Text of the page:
Some people on the lowest incomes will receive a £25 cold weather payment due to the freezing conditions.
The Met Office has warned of an Arctic blast hitting the UK, which could cause overnight temperatures as low as -10C by the end of the week.
Motorists could face treacherous conditions on the roads, with train journeys taking longer than usual.
The winter payments were triggered for eligible households where the average temperature has been or is forecast to be 0C or below over a period of seven consecutive days.
According to new research, more than three million households cannot afford to heat their homes during the current spell of cold weather, putting their health at risk.
The UK Health and Security Agency has issued a Level 3 cold weather alert - and says vulnerable people should heat their homes to at least 18C, wear extra layers of clothing, and eat hot food to protect themselves.
But about 710,000 households cannot afford to follow this advice because they cannot pay for warm clothing, heating and food - and another 2.5 million families on low incomes are going without.
The research was carried out by the Joseph Rowntree Foundation, and its senior economist Rachelle Earwaker said: "The dangerously cold weather on the horizon is cause for concern.
"People are being forced to wager their financial health and whether they can afford more debt, against their wellbeing without sufficient heat, clothing or hot food."
The survey of 4,251 people in the bottom 40% of incomes suggested that about 4.3 million have cut the amount they spend on heating.
It also found that many families are already behind on their bills, owing more than £1,600 on average. And temperatures are likely to remain low for some time yet.
'Arctic maritime airmass': Snow and ice forecast
The Met Office has extended weather warnings through to Saturday, with one still in place for northern Scotland on Sunday.
Large parts of western and northern England, Wales, Scotland and Northern Ireland will be hit by snow and ice on Friday and Saturday, with weather warnings in place.
At least five centimetres of snow was confirmed in Aboyne, Aberdeenshire and Altnaharra in the Highlands on Friday morning, with three centimetres falling in Dyce near Aberdeen.
Schools were closed due to freezing conditions in parts of Aberdeenshire and the Highlands, while snow was seen on the ground in Edinburgh.
Met Office chief meteorologist Steve Willington warned there is an "increasing risk of snow as the week progresses".
"As an Arctic maritime air mass settles across the UK, temperatures will fall with widespread overnight frosts, severe in places, and daytime temperatures only a few degrees above freezing," he said.
"However, the cold air from the Arctic will also bring brighter conditions, with some dry, sunny spells, particularly away from the coast and where winds are light it could feel pleasant in the sunshine. Some patchy freezing fog is also likely."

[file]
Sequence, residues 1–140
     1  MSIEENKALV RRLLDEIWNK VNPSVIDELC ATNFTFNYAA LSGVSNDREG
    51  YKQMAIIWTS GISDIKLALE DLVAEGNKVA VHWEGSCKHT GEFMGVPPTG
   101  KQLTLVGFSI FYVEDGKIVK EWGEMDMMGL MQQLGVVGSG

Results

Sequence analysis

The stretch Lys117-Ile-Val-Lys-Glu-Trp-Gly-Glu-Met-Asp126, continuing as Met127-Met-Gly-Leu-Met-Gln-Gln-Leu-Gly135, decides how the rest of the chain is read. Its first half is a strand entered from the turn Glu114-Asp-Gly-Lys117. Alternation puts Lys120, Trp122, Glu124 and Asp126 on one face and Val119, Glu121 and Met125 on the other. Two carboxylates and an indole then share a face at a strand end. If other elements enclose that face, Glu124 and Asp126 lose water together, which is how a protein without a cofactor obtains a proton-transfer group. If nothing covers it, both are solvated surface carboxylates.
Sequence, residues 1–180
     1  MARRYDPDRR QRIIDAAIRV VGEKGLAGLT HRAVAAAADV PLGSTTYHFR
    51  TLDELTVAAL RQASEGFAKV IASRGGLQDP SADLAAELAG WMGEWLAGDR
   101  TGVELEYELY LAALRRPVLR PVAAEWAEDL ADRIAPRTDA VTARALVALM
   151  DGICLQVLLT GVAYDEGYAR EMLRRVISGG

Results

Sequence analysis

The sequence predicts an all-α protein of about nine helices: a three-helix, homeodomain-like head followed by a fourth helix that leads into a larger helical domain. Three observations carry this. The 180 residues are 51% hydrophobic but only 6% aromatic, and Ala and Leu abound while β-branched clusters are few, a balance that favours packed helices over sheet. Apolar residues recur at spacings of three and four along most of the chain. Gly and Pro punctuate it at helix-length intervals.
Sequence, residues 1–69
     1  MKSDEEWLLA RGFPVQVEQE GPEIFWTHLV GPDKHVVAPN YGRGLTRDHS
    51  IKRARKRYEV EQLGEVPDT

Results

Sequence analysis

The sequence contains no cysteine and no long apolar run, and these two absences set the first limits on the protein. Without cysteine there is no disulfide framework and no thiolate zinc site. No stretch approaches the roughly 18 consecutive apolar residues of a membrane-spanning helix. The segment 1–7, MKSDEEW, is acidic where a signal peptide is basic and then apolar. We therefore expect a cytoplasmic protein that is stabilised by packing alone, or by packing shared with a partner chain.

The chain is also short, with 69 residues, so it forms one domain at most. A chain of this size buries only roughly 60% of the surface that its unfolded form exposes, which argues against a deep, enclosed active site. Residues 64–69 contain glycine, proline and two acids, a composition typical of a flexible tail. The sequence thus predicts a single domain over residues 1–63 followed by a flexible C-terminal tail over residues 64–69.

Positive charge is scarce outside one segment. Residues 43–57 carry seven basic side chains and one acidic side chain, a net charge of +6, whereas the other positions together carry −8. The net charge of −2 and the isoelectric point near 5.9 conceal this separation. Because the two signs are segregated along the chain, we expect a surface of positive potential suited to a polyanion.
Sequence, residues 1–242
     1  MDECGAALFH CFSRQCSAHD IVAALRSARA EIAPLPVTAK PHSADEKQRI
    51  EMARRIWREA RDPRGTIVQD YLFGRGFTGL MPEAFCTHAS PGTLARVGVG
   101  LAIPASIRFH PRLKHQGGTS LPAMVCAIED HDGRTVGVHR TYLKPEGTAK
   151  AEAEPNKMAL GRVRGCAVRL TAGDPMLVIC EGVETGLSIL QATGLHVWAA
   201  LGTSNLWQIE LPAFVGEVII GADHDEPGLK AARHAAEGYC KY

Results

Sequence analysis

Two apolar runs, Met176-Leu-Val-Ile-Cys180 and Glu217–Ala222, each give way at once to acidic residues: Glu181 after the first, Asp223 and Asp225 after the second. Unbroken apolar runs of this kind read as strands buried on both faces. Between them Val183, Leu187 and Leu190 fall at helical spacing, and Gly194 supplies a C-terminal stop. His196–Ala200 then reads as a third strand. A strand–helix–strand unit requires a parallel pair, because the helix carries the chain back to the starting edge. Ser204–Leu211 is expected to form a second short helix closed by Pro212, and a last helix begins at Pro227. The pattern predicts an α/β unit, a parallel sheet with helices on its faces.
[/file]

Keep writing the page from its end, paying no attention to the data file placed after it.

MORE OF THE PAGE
Mountaineering Scotland's senior mountain safety adviser, Ross Cadie warned people in Scotland not to risk getting into difficulty out walking.
"When winter arrives in Scotland's mountains, we need to make sure we do our homework before heading out," he said.
"Planning and preparation from trusted sources and matching your adventure to your level of skill and conditions will help you return home safely."
Beware of slippery roads and pavements
Roads, pavements and cycle lanes could all be slippery, the Met Office said, and motorists have also been warned to keep blankets in their vehicles in case they break down.
RAC spokesman Rod Dennis added: "Our advice is to be winter ready - check tyres are properly inflated and with good tread, while topping up oil, coolant and screen wash levels if needed.
"Drivers with older batteries in their cars might also wish to give their vehicle a 20-minute drive before colder conditions arrive to ensure the battery can cope with sub-zero temperatures.
"It's also worth having a fully charged mobile phone and carrying a blanket in case of a breakdown to keep warm."
No gas for heating or cooking for five days
Meanwhile in the Sheffield area of Stannington around 1,080 homes have had no gas since a water main burst on Friday night - sending hundreds of thousands of litres of water into the gas network.
At a press conference on Thursday morning, it was announced 400 customers had gas restored overnight, with people in Malin Bridge still waiting for water to be cleared from the system until their gas can be reconnected.
Cadent, the firm which runs the gas network, says 150 people are working day and night to fix the problem, and they have started to reconnect gas to some homes. Yorkshire Water said it is not yet clear who is at fault.
Sheffield City Council has declared a major incident so that staff can be redeployed to the area.
Asked about the approaching cold snap, leader Terry Fox said: "We're very worried... but, what we've seen, to be brutally frank, is a real deep community spirit where people are helping individuals."
Sheffield Hallam's Labour MP, Olivia Blake, has said she has asked Chancellor Jeremy Hunt for emergency funding for the council and raised the issue in the Commons on Wednesday, but said she has not yet received a response.